26 The Beginning The System is still slow to respond Government moves into areas ignored by the market
27 Categorical Grants (1935-1945) 2nd Stage 1930’s focused attention on public health issuesStates could not handle public health problemsSocial Security Act of 1935 addressed some of these issues
28 Social Security Act Originally was Social Health Ins. Act Provided money forchild health programsestablish and maintain various public health programs
29 Social Security Act Two consequences 1. Decision making shifted from local to national2. Increased involvement to non health professionals in health issues
30 3rd Stage. Decades of Investment (1946-1962) The need for investment in basic health resources became evidentCongress passed the Hill Burton Act-1946Funded 4,000 health buildings (hospitals etc..)Mandated that hospitals give free care for 20 yr..Cost $ 4 billion
31 Decades of Investment Congress also funded medical research cancer, heart, mental health…
32 Decades of InvestmentBelief at that time was spending on developing health resourcesWould increase access to careHowever, it did not increase accessProblems remain with uninsured, rural poor, urban poor, rural in generalProviders tend to locate around population centers
33 4th Stage: Organization and Delivery of Services (1963-1966) Three major themes1. Provide Consumers with money to buy health care2. Emphasis on organization and delivery of care3. Emphasis on health care planning as a means to control costs
34 Medicare. Amendment to Soc......... Sec Act in 1965 Targets those over 65 (can qualify for some features even if younger)Is an insurance programIs a Federal Program
35 Medicare Part A Covers Hospital Stays Skilled nursing facility care Some Home Health CareHospice CareNo Premium$110 Deductible-2005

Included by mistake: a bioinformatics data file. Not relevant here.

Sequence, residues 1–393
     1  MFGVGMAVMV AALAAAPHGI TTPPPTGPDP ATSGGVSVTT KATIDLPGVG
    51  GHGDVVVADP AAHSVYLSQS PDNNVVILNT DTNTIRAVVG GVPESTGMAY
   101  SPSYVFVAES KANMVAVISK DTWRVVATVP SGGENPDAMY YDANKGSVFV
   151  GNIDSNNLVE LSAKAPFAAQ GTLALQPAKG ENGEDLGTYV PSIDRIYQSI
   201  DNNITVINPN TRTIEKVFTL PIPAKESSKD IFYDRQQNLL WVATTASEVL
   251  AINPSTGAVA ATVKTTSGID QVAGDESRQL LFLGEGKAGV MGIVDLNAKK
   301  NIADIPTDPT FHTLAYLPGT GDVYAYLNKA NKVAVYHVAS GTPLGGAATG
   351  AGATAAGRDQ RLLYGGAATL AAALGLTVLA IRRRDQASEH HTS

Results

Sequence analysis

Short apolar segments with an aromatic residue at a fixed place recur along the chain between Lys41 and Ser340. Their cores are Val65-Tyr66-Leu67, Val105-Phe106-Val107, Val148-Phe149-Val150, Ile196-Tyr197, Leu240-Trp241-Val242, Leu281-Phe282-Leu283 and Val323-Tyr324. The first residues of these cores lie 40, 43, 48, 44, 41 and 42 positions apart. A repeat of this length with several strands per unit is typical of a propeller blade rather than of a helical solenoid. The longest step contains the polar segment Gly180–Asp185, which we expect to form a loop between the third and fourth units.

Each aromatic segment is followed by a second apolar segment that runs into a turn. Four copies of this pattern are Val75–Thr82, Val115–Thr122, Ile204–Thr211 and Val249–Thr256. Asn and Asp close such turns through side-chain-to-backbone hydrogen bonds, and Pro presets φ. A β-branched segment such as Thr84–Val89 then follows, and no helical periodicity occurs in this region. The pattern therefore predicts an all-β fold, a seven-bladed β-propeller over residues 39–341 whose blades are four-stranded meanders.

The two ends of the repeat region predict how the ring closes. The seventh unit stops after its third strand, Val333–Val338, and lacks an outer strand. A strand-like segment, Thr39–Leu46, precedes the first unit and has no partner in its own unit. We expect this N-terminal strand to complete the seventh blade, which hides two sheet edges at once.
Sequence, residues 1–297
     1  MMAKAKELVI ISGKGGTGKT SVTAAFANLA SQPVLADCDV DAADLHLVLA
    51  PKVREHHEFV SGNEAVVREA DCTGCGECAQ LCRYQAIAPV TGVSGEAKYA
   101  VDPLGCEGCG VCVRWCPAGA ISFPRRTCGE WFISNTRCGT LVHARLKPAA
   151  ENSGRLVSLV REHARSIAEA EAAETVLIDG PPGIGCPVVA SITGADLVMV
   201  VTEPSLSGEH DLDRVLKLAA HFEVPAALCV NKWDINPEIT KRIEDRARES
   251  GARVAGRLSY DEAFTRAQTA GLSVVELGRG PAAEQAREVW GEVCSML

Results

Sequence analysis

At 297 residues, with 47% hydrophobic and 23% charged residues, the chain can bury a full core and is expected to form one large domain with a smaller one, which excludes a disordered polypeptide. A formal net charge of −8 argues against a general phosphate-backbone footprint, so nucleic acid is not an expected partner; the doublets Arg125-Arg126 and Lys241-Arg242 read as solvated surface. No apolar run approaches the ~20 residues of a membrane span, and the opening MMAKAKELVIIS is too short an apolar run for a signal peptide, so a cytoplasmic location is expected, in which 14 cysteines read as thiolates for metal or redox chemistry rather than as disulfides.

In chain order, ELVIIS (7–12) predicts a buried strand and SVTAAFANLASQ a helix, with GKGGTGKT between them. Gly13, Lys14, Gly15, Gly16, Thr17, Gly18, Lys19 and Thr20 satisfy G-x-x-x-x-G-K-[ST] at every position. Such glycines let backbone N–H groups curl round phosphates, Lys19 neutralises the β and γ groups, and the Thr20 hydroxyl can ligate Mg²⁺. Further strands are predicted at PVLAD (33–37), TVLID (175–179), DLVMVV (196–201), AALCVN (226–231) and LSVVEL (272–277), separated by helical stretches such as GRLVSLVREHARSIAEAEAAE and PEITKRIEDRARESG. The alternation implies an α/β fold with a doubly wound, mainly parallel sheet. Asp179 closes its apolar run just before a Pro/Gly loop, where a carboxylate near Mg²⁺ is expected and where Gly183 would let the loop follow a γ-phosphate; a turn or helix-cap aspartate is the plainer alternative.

36 Medicare Part B Covers Doctors’ Services Outpatient hospital services Home health careMonthly Premium $
37 Medicare Part D-Prescription Drugs Drug Program Effective Jan 2006Monthly premium-$35Beneficiary pays first $250 in drug costsPays 25% of total drug costs between $250 and $2,250Patient pays 100% between $2,250 and $5,100 (donut hole)Pay greater of $2 for generics, $5 for brand or 5% ($3600 out of pocket)
38 Part D Low Income Assistance Medicare now covers Rxs for eligibles on MedicaidState must pay fed back for this (clawback)Those below 100% of poverty pay $1-$3 co payThose above 100% will pay $2 $5 co paysMedicaid eligibles pay no premium or deductible and no drug costs above $3,600 out of pocket
39 Part D-con’t Any Medicare eligible can enroll-benefit is voluntary Can’t have other Rx coverage ie TricareQualified retiree health plans with Rx coverage equal to Part D will receive subsidies of 28% of costs for coverage above $250 and up to $5,000per Medicare enrolleeBenefit delivered through private health plans and PBMsAct requires that plans cover at least 2 drugs in each therapeutic classMedicare hired USP to develop a formularyThey proposed covering 146 classes, PBMs say that is too many, PhARMA says it is not enough
40 Part D Costs Initial CBO estimate was $400 billion (10 years) True Cost projected to be $540 billionTypical 65 yr old with drug benefit will spend 37% of Social Sec Inc on Medicare premiums, co-payments, and out of pocket expenses in 2006Will grow to 40% in 2011 and 50% by 2021Medicare prohibited from negotiating with drug manuf for best price ie., VA and State of Maine.
41 Drug Discount CardsPatient pays 100% co pay-a discount priceCard sponsors are private companies ie PBMs. AARP , Chain Drug stores72 originally approved by CMSLow enrollment because of confusing sign up proceduresMay have an annual enrollment fee of up to $30Gvt subsidies of $600 to individuals making less than $12,569 or couples $15,862/year
42 Rx Drug Coverage and Seniors 2003 DataFour in 10 did not take all drugs prescribed due to cost, side effects, perceived lack of effectiveness, or believe that they did not need the med27% lacked Rx coverage (will be covered under Part D)Half have more than one MD36% more than one pharmacy26% skipped taking meds because of cost12% spent less on basic needs because of med costs
43 Medicare Comparative Cost Adjustment Program Establishes a test competition between local private Medicare plans and traditional Medicare starting in 2010Comparisons will run for 6 years